Born12 January 1863Kolkata,West Bengal, IndiaDied4 July 1902Belur Math near Kolkata Swami Vivekananda
Birth and early life Narendranath Dutta was born in Shimla Pally, Kolkata, West Bengal, India on January 12, 1863 as the son of Viswanath Dutta and Bhuvaneswari Devi. Even as he was young, he showed a precocious mind and keen memory. He practiced meditation from a very early age. While at school, he was good at studies, as well as games of various kinds. He organised an amateur theatrical company and a gymnasium and took lessons in fencing, wrestling, rowing and other sports.
He also studied instrumental and vocal music. He was a leader among his group of friends. Even when he was young, he questioned the validity of superstitious customs and discrimination based on caste and religion. In 1879, Narendra entered the Presidency College, Calcutta for higher studies. After one year, he joined the Scottish Church College, Calcutta and studied philosophy. During the course, he studied western logic, western philosophy and history of European nations.
Questions started to arise in young Narendras mind about God and the presence of God. This made him associate with the Brahmo Samaj, an important religious movement of the time, led by Keshab Chandra Sen. But the Samajs congregational prayers and devotional songs could not satisfy Narendras zeal to realise God. He would ask leaders of Brahma Samaj whether they have seen God. He never got a satisfying answer. It was during this time that Professor Hastie of Scottish Church College told him about Sri Ramakrishna of Dakshineswar.
With Ramakrishna Narendra met Ramakrishna for the first time in November 1881. He asked Ramakrishna the same old question, whether he had seen God. The instantaneous answer from Ramakrishna was, "Yes, I see God, just as I see you here, only in a much intenser sense." Narendra was astounded and puzzled. He could feel the mans words were honest and uttered from depths of experience. He started visiting Ramakrishna frequently.
Though Narendra could not accept Ramakrishna and his visions, he could not neglect him. It had always been in Narendras nature to test something thoroughly before he could accept it. He tested Ramakrishna to the maximum, but the master was patient, forgiving, humorous, and full of love. He never asked Narendra to abandon reason, and he faced all of Narendras arguments and examinations with infinite patience.
In time, Narendra accepted Ramakrishna, and while he accepted, his acceptance was whole- hearted. While Ramakrishna predominantly taught duality and Bhakti to his other disciples, he taught Narendra the Advaita Vedanta, the philosophy of non-dualism. During the course of five years of his training under Ramakrishna, Narendra was transformed from a restless, puzzled, impatient youth to a mature man who was ready to renounce everything for the sake of God-realization.
Soon, Ramakrishnas end came in the form of throat cancer in August 1886. After this Narendra and a core group of Ramakrishnas disciples took vows to become monks and renounce everything, and started living in a supposedly haunted house in Baranagore. They took alms to satisfy their hunger and their other needs were taken care of by Ramakrishnas richer householder disciples.
Sri Ramakrishna passed away in 1886, leaving the responsibilities of his disciples on Narendra. Under the leadership of Narendra, a few disciples renounced everything in order to live God-centered lives and to carry on the work of their Master. Narendra became Swami Vivekananda. After traveling all over India, following his vision at Kanyakumari, he decided to come to America in 1893. He represented the ancient Hindu religion in the Parliament of Religions. The very first talk of Swami Vivekananda made him known to the whole world.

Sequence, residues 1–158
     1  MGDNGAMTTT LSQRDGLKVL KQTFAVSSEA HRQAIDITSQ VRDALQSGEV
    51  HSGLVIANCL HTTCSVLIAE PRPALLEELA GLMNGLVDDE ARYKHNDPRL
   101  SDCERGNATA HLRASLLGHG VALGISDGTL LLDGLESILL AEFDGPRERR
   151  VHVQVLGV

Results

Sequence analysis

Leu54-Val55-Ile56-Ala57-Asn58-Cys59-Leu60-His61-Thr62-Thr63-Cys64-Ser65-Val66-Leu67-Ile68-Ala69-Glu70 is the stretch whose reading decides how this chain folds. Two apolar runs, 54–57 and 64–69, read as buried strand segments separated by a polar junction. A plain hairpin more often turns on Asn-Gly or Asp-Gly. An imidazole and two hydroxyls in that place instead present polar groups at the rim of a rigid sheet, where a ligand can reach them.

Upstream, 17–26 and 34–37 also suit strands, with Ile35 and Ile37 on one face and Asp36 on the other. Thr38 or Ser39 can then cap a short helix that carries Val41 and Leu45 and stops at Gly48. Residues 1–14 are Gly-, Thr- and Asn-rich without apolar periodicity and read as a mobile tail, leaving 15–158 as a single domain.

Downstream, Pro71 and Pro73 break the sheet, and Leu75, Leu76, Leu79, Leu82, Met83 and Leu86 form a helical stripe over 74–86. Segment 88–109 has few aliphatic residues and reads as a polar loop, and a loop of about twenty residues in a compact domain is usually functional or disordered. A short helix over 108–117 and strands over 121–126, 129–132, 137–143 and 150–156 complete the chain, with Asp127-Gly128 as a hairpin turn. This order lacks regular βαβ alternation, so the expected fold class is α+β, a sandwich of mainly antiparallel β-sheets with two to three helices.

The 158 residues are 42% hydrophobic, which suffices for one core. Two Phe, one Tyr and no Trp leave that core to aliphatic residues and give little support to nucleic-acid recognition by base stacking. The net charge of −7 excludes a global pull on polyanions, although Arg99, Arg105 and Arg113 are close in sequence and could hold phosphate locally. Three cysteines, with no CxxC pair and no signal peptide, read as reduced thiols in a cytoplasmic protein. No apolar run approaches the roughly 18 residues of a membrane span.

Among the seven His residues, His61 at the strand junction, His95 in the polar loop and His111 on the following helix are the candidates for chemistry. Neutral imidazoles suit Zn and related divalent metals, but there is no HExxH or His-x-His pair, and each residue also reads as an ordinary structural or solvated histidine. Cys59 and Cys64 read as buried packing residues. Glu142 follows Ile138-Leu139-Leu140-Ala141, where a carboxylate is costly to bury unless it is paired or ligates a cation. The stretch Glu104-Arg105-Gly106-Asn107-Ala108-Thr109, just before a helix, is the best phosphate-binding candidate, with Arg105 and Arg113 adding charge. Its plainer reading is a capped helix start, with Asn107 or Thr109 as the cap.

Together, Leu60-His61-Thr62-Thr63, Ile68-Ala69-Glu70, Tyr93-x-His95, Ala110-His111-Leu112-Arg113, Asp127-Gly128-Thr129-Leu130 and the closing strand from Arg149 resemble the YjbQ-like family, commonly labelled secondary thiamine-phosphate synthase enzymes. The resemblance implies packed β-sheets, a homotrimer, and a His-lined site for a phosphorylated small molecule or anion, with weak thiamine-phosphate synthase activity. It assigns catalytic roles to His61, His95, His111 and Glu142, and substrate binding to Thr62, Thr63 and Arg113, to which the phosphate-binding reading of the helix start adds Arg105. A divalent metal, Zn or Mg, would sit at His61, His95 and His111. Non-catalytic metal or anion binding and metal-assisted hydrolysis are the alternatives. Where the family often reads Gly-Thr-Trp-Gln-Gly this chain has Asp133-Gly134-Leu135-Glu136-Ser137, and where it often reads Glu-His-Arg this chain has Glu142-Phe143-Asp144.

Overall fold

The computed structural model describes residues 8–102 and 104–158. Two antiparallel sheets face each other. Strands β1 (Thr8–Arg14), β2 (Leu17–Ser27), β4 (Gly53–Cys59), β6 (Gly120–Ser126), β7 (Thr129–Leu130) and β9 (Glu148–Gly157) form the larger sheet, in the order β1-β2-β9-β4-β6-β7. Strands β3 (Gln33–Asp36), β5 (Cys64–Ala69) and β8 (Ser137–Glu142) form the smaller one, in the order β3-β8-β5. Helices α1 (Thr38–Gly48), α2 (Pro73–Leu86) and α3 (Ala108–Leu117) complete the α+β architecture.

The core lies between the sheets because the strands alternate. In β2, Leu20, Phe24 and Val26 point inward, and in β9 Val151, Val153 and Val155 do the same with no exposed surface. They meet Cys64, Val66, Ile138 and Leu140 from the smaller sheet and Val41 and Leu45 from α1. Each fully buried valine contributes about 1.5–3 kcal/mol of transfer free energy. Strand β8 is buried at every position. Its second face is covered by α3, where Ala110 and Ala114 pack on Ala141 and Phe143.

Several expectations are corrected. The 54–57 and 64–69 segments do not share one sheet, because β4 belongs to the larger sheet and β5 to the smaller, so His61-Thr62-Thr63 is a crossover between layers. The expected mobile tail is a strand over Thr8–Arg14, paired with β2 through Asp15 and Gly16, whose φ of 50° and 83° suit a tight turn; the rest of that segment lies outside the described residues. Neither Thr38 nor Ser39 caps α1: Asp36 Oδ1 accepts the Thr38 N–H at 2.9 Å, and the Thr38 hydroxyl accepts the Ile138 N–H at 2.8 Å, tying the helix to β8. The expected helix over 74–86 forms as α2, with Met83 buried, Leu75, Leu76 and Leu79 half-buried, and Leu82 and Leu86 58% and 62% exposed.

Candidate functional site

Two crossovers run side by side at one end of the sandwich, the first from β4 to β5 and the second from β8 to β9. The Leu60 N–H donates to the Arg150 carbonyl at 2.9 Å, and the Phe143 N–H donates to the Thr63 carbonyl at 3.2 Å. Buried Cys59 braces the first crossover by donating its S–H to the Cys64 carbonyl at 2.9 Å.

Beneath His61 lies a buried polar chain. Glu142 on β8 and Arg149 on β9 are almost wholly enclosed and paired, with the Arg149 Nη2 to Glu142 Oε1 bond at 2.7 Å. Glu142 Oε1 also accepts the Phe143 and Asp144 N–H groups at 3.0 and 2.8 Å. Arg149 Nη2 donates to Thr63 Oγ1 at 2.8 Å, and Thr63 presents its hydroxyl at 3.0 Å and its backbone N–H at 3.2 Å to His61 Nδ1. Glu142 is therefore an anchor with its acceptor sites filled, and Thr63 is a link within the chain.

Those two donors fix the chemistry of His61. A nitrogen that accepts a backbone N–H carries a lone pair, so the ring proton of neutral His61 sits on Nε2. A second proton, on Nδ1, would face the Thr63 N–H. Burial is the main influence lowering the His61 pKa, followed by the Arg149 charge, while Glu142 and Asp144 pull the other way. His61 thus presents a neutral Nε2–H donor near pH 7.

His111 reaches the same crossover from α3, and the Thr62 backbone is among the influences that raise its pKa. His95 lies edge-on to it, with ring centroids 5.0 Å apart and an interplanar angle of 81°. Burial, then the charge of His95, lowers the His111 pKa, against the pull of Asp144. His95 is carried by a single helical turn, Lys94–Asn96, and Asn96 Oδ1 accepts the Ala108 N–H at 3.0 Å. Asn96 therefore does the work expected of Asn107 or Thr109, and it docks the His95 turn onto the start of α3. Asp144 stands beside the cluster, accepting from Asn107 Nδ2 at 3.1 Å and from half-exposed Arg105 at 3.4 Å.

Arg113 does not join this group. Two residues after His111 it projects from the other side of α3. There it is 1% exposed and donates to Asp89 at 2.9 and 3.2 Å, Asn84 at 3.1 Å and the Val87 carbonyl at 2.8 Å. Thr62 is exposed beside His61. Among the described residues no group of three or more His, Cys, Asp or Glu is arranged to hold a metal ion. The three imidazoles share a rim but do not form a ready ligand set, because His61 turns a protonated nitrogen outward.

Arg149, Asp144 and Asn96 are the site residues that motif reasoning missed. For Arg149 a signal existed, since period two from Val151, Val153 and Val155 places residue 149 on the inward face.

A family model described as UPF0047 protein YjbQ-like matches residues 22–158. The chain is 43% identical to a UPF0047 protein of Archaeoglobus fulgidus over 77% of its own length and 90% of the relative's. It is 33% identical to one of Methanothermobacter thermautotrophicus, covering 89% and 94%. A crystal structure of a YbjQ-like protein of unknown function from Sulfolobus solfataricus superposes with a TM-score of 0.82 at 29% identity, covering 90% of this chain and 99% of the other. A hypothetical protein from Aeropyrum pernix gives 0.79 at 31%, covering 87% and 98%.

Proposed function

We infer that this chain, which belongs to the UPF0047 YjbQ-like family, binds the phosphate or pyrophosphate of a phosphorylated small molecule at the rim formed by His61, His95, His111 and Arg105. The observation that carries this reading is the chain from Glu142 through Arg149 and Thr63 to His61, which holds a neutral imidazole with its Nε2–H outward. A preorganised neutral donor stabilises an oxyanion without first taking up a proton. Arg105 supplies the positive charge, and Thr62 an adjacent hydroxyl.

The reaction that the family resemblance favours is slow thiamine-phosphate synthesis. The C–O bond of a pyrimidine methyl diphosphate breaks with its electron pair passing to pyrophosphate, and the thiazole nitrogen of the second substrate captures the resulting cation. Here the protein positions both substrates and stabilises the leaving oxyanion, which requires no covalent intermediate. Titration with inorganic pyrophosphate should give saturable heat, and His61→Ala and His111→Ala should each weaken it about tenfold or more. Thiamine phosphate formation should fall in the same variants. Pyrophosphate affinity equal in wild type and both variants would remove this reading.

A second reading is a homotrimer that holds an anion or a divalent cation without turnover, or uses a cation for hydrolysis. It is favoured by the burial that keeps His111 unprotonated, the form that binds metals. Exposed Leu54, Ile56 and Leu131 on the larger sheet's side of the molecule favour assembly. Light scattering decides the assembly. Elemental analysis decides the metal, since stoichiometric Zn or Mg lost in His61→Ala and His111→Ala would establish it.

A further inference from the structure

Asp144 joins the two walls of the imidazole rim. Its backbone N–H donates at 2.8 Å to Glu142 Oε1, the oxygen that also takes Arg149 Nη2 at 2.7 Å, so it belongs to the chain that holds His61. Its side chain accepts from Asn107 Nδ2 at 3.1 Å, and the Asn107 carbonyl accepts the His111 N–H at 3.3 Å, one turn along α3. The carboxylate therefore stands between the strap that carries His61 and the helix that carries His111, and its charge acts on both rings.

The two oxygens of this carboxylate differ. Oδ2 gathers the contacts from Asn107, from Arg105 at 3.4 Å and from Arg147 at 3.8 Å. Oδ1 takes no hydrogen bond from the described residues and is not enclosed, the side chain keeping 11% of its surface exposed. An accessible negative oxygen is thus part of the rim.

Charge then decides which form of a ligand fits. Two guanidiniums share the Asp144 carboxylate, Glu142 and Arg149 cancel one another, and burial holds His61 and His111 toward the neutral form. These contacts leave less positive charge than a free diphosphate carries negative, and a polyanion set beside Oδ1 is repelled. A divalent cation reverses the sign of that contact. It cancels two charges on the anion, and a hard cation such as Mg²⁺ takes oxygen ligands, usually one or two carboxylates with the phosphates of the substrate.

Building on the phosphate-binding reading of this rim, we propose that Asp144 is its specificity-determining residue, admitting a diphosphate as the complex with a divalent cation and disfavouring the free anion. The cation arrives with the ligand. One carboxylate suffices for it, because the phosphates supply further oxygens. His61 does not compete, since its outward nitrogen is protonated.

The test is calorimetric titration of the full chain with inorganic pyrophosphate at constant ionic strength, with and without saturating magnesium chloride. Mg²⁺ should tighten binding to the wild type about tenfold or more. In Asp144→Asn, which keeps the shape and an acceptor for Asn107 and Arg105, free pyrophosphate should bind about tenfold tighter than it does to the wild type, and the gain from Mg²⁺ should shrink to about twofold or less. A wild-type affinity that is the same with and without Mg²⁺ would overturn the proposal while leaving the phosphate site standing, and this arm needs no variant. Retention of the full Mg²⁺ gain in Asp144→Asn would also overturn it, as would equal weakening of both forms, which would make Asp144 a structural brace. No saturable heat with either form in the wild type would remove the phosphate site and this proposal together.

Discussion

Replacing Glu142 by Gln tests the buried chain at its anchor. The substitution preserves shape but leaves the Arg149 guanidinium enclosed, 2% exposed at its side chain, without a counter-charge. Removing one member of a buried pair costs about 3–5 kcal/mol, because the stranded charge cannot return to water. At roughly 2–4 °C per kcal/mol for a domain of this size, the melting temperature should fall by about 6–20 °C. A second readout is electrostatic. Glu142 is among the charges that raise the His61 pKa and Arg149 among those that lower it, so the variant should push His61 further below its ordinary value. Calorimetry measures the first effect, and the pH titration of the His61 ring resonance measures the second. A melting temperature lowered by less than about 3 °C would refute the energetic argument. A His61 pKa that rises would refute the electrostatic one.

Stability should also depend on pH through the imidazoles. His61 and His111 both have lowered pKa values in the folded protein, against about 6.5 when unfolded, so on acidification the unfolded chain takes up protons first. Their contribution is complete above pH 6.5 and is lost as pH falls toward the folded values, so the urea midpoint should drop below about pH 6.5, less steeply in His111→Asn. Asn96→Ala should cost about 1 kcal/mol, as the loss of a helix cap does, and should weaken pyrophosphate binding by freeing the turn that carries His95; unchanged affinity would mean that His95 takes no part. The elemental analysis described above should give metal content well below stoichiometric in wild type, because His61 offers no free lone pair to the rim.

Wanderings in India Soon, the young monk of Baranagore wanted to live the life of a wandering monk with rags and a begging bowl and no other possessions. On July 1890, Vivekananda set out for a long journey, without knowing where the journey would take him. The journey that followed took him to the length and breadth of the Indian subcontinent. During these days, Vivekananda assumed various names like Vividishananda (in Sanskrit, Vividisha means "the desire to know" and Ananda means "bliss"), Satchidananda, etc.,
It is said that he was given the name Vivekananda by Maharaja of Khetri for his discernment of things, good and bad. During these wandering days, Vivekananda stayed on kings palaces, as well as the huts of the poor. He came in close contact with the culture of different regions of India and various classes of people in India. Vivekananda observed the imbalance in society and tyranny in the name of caste. He realised the need for a national rejuvenation if India was to survive at all.
He reached Kanyakumari, the southernmost tip of the Indian subcontinent on 24 December 1892. There, he swam across the sea and started meditating on a lone rock. He thus meditated for three days and said later that he meditated about the past, present and future of India. The rock went on to become the Vivekananda memorial at Kanyakumari. Vivekananda went to Madras and spoke about his plans for India and Hinduism to the young men of Madras.
They were impressed by the monk and urged him to go to the United States and represent Hinduism in the World Parliament of Religions. Thus, helped by his friends at Chennai, Bhaskara Sethupathi, Raja of Ramnad and Maharajas of Mysore and Khetri, Vivekananda set out on his journey to the USA.
The invite of the conference was actually given to Bhaskara Sethupathi, Raja of Ramnad to attend the World Parliament of Religions at Chicago. But he decided and encouraged Swami Vivekananda was the right person to participate and represent the views of Hinduism in the Parliament of World Religions.
In the West Vivekananda was received well at the 1893 World Parliament of Religions in Chicago, where he delivered a series of lectures. He also earned wild applause for beginning his address with the famous words, "Sisters and brothers of America." Vivekanandas arrival in the USA has been identified by many to mark the beginning of western interest in Hinduism not as merely an exotic eastern oddity, but as a vital religious and philosophical tradition that might actually have something important to teach the West.